Research
< 1 min read

Daily medication could soon be replaced with a once-a-month injection for people living with HIV thanks to advances in medical technology and extensive research.

The announcement follows the results of a study conducted by global ATLAS which looked at the results of a long-acting monthly injection that has shown to be as effective at suppressing HIV as a daily cocktail of three drugs.

The injection which includes a combination of two drugs, Cabotegravir and Rilpivirine, is being described as extremely effective, and may potentially be more effective in treating HIV that the current daily method.

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With a monthly injection proving to be a more simple option, as opposed to taking ARV medication on a daily basis, researchers say that in turn with more people remembering or being able to take their medication, the more people on successful treatment will also reduce their HIV levels to undetectable, resulting in further reductions in infection rates.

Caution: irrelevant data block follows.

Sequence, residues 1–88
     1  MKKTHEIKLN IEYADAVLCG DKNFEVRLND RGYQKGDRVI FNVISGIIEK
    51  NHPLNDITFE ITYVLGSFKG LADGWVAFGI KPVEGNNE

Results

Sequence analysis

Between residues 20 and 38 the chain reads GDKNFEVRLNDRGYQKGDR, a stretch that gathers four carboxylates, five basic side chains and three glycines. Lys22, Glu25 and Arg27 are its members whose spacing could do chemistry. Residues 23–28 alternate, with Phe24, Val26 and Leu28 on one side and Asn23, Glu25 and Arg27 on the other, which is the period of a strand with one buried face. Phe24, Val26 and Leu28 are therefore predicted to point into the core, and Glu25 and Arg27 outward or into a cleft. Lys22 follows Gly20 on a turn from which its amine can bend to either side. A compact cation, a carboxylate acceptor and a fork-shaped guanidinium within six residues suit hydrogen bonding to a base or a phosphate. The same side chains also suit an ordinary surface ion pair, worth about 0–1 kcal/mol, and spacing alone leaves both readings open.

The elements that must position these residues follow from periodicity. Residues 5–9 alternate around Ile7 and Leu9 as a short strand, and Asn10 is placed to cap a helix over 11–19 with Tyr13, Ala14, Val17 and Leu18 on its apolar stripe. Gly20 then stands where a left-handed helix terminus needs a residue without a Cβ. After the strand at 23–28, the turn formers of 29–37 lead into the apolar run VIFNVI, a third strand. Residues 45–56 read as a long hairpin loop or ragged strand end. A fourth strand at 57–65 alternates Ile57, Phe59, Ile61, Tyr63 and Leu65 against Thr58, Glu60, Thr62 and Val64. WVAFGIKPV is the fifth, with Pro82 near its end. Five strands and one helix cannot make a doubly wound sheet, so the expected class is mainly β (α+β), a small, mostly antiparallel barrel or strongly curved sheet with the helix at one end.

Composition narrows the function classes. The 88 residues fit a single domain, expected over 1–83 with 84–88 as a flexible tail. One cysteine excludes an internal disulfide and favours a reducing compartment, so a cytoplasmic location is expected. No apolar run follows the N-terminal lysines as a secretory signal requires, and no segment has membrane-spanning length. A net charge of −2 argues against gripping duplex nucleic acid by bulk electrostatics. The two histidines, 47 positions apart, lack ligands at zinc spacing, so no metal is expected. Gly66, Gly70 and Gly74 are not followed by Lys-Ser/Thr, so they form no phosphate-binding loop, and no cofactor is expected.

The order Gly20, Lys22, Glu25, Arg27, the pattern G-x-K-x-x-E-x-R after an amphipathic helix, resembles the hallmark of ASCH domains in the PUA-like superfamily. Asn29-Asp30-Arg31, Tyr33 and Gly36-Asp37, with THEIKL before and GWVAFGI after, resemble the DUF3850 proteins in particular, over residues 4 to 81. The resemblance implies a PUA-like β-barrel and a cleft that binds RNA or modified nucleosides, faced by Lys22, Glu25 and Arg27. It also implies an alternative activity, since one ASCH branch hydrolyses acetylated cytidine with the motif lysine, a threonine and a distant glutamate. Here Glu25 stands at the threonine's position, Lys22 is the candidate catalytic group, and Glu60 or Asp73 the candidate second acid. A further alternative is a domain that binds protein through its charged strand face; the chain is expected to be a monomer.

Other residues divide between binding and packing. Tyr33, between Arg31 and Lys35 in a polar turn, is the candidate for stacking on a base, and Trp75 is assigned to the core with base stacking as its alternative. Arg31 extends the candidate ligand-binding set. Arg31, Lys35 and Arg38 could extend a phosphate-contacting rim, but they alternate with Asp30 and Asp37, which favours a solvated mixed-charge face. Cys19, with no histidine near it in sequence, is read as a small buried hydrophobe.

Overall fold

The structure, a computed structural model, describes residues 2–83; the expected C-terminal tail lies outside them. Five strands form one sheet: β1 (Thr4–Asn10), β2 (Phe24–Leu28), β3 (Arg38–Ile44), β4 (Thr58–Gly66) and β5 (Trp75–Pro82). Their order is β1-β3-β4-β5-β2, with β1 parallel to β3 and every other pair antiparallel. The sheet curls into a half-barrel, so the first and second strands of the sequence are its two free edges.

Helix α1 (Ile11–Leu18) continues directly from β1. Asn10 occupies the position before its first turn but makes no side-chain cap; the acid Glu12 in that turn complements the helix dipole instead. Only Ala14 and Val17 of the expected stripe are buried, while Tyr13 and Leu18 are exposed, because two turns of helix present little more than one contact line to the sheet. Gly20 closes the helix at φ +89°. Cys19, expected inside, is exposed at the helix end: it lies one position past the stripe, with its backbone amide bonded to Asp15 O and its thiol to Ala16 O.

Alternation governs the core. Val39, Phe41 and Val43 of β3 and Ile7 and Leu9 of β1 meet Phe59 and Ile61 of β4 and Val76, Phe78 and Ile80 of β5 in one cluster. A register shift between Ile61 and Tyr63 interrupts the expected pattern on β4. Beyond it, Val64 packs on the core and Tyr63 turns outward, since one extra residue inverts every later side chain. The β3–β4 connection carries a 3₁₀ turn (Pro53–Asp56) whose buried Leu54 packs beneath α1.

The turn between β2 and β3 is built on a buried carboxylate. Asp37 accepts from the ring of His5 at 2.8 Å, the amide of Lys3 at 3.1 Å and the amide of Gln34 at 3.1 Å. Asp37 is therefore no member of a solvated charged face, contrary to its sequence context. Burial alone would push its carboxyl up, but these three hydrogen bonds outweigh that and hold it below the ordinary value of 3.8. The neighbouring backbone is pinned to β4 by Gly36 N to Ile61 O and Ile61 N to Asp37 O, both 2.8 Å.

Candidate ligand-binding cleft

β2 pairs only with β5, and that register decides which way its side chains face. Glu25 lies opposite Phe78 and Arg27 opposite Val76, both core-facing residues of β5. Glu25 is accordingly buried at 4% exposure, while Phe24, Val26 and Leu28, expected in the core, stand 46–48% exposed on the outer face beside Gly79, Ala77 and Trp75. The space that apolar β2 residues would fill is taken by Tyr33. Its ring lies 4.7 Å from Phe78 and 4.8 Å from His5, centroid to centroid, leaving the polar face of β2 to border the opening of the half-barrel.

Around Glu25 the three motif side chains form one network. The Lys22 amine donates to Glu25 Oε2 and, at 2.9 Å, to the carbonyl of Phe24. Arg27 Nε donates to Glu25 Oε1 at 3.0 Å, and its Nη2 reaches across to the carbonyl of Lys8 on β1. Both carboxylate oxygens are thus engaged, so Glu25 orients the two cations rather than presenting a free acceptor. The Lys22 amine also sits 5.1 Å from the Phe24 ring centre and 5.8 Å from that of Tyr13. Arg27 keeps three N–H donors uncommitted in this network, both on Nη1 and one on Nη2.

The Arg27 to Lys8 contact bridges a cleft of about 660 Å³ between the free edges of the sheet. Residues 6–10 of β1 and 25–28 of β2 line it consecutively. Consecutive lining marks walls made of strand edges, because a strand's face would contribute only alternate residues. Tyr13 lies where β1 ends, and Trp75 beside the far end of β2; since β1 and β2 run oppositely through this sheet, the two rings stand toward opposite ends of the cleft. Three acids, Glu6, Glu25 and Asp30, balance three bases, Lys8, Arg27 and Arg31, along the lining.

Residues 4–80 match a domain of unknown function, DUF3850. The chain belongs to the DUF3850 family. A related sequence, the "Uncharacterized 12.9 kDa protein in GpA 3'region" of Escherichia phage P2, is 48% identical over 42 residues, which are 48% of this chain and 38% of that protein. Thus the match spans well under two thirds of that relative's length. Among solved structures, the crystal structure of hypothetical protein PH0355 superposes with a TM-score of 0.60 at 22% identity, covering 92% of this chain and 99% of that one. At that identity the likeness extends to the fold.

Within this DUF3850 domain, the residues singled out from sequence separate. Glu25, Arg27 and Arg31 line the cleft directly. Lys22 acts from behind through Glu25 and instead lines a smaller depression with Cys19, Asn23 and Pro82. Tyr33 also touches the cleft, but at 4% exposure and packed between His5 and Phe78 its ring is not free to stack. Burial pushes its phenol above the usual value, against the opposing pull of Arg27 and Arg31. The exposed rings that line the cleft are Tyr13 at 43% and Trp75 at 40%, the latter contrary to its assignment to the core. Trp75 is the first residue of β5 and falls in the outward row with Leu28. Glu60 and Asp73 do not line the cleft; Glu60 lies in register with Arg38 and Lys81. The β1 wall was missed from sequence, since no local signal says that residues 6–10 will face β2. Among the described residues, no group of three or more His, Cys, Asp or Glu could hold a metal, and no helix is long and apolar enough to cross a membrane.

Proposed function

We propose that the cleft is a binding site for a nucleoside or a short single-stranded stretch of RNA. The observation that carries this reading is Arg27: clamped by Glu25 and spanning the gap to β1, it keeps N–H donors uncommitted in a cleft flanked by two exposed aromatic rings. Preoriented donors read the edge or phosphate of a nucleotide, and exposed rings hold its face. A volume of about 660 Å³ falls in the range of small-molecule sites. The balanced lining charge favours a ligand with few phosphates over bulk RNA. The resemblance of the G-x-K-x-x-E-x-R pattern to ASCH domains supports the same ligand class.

According to WHO (the World Health Organisation) and UNAIDS, 36.7 million people were living with HIV across the globe at the end of 2016. South Africa is recorded as having the biggest HIV epidemic in the world, with 7.1 million people living with the virus.

Last Updated on Aug 19, 2018


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